People-First Design: Download the Paper
Enlightened companies are talking about design and its benefits like never before. Product, brand and service design are on the agenda because they speak volumes about the company that produced them, its values and priorities. It is also good business, as smart design makes money.
Unfortunately so few do this or do so remotely well. One cannot attend a design or marketing conference without Apple being lauded as the pinnacle of design thinking. I recently was a Keynote speaker at the Tsinghua International Design Management Symposium in Shenzhen, China and joked with fellow presenters about who would be first to mention Apple. The joke is actually a bitter one because there are few other companies to cite.
There are many reasons for this very real drought. The first is that design and its practice has been made overly complex. We have assigned words, processes and tools to design that confuse more than enlighten. Now “design” is analogous to “strategy”, it is a word that has come to mean so much that it means almost nothing when we hear it.
The second reason is putting design at the heart of an organization is tough stuff. Business is complex with many competing priorities and focuses. Too often design is viewed as a supporting player. Where design is at in business today holds eerie parallels to where branding was ten years ago. Design advocates are attempting to convince the C-Suite that a Chief Design Officer should be at the ‘big-boys’ table.
For design and design management to be valued it has to demonstrate a clear return on investment. It will do so by solving business problems, by putting people first and by making each person believe that whatever was designed was designed solely for them.
What Digital Agency Clients, Staff and Leaders Say in Private
Digital agencies enjoy a reputation of being cool, cutting-edge and creative. They even have a bit of a bad-boy persona because they talk about challenging the status quo. Their offices are hip and their employees are hipsters. They are positioned as the future of marketing and advertising.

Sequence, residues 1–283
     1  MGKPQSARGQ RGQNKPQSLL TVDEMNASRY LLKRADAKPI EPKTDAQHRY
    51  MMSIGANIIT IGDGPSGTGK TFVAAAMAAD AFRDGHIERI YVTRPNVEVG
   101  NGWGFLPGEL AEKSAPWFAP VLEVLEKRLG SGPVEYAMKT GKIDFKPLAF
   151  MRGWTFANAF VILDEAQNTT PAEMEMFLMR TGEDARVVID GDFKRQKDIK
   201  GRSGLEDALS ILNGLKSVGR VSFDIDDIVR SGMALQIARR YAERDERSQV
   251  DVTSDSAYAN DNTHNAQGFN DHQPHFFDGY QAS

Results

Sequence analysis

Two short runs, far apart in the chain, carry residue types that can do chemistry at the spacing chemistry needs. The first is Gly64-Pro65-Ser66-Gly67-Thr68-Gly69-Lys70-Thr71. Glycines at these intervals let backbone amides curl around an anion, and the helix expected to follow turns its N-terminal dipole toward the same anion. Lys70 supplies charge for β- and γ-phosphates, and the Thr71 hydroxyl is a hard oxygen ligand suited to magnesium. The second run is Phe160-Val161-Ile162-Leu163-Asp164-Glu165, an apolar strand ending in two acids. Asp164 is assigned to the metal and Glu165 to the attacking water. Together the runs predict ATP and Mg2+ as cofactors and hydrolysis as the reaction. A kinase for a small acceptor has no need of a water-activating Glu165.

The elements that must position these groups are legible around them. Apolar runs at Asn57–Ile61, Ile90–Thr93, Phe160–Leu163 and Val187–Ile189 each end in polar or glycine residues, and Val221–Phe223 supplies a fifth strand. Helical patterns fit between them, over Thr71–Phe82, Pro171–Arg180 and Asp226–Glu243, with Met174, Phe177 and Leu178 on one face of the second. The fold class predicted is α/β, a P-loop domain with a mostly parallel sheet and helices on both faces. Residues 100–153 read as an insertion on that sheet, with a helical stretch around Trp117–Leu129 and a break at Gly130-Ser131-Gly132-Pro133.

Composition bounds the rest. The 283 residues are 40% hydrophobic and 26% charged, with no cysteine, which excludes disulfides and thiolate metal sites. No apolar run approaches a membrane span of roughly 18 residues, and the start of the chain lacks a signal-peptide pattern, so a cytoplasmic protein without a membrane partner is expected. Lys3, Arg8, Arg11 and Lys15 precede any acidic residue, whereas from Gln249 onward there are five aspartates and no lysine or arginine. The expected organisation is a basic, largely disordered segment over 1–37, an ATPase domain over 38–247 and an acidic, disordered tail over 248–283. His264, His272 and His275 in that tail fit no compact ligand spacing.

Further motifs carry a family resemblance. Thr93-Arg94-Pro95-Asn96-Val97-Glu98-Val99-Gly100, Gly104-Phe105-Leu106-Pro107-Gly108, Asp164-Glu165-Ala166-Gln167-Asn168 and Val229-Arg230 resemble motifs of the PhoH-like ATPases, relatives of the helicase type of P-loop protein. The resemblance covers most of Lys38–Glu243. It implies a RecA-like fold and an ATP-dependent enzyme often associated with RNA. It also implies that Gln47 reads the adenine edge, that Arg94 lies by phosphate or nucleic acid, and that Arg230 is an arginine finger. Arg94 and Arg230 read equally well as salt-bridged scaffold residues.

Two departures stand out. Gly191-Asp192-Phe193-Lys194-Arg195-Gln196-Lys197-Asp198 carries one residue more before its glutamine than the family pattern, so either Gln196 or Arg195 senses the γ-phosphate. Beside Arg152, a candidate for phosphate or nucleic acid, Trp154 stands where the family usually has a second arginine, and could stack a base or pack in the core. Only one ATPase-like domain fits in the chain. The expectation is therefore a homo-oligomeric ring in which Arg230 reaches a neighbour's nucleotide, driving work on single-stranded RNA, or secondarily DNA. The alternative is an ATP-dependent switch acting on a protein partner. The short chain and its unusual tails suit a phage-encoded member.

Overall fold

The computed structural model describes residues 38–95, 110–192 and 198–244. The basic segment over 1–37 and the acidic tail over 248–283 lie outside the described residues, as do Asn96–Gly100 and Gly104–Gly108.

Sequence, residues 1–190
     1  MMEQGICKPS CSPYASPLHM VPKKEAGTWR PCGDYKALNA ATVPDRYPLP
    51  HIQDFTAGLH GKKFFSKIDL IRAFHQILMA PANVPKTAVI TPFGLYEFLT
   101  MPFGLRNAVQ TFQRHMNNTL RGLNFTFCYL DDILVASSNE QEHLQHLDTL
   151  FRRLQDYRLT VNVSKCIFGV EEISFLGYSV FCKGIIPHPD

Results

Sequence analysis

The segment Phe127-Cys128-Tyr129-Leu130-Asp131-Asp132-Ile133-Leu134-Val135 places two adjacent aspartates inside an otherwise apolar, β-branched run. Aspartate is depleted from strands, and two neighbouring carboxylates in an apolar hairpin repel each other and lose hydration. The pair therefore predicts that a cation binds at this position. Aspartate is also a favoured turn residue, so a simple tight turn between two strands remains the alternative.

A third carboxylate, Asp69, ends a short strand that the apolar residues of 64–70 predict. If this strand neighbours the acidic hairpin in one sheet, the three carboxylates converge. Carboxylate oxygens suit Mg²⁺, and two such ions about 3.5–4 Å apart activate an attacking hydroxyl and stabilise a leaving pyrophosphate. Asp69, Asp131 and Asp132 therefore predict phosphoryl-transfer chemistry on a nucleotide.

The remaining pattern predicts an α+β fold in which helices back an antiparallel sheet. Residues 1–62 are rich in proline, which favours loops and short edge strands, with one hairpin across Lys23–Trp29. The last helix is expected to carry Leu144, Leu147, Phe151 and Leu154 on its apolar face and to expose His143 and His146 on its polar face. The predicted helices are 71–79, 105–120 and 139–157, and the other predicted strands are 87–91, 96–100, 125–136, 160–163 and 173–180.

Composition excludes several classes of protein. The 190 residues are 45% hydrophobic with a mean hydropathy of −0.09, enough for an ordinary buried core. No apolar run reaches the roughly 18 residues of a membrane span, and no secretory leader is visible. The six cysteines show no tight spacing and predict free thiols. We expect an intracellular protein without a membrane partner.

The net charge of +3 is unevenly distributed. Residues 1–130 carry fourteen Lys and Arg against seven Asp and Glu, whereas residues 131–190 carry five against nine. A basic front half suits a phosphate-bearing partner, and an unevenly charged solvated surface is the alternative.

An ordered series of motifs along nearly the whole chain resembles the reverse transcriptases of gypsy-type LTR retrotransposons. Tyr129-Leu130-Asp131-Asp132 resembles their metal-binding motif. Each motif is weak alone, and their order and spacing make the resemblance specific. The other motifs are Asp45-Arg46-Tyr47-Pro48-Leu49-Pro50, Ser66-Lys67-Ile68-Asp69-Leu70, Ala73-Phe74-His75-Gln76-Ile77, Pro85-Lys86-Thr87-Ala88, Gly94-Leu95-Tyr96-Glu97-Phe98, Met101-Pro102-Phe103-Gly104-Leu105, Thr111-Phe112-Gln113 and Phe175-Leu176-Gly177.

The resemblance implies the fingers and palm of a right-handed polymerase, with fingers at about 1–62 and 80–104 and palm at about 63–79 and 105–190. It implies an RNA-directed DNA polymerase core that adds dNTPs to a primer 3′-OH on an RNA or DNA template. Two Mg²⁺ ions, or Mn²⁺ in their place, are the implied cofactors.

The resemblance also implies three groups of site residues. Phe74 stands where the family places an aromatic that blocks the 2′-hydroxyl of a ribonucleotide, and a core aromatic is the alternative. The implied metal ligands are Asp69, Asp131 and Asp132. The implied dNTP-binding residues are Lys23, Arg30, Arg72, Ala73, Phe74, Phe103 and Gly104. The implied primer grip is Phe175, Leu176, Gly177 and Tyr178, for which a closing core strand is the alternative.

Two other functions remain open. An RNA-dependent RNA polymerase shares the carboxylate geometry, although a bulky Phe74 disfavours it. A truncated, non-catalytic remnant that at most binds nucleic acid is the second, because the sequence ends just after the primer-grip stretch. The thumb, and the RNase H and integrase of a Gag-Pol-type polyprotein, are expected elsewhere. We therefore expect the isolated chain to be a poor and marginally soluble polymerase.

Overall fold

Read the article in Advertising Age.
It is too easy to pick on a new logo. Everyone has a subjective opinion that is largely reactionary and often knee-jerk in condemnation. Objective opinions are dry and boring…outside of graphic designers not many people care about precise kerning, bevels and pantones. Having contributed to new logos, or more dangerously updates of existing ones, I have been at the epicentre of criticism.
The socialization and acceptance of logos take time. They are not an overnight affair. One is highly successful if 51% of the people who see a new logo actually like it at the outset. Time must be given so the logo is imbued with meaning and can be associated with tangible results in the business. Branding is long-term strategic game not a press release announcing a new look.
So instead of simply attacking the logo design let me share my opinion regarding the whole Yahoo! program behind it. This is what worked and didn’t work…
30 Days of Change
This worked because the company put out a new logo every day to build excitement and stay in the news. It didn’t work because we all grew bored three days in.
This worked because Marissa Mayer was hands on. It didn’t work because the change doesn’t go far enough to represent the strategic changes she is attempting to make in the business.
This worked because it opened up the debate on whether branding and marketing can be done within a company. It didn’t work because the objectivity a third party can provide is often invaluable.
What the !
The updated logo should reflect a change in strategy. At best, it is cleaner graphic update. The company would have got more attention if they dropped the juvenile “!” as part of this effort. This was the biggest missed opportunity graphically.
You know, now that I think of it maybe Marissa should have changed the company name. Yahoo! is so 2001, so Pets.com. This is how the company describes itself…”Yahoo! is focused on making the world’s daily habits inspiring and entertaining. By creating highly personalized experiences for our users, we keep people connected to what matters most to them, across devices and around the world. In turn, we create value for advertisers by connecting them with the audiences that build their businesses.”
That is an awesome brief for coining a new name. A name that signals a change in business as usual followed by a logo that communicates the new direction. Such a move would have ensured a different result from the one Yahoo! has now … namely a logo that’s embarassed of its name.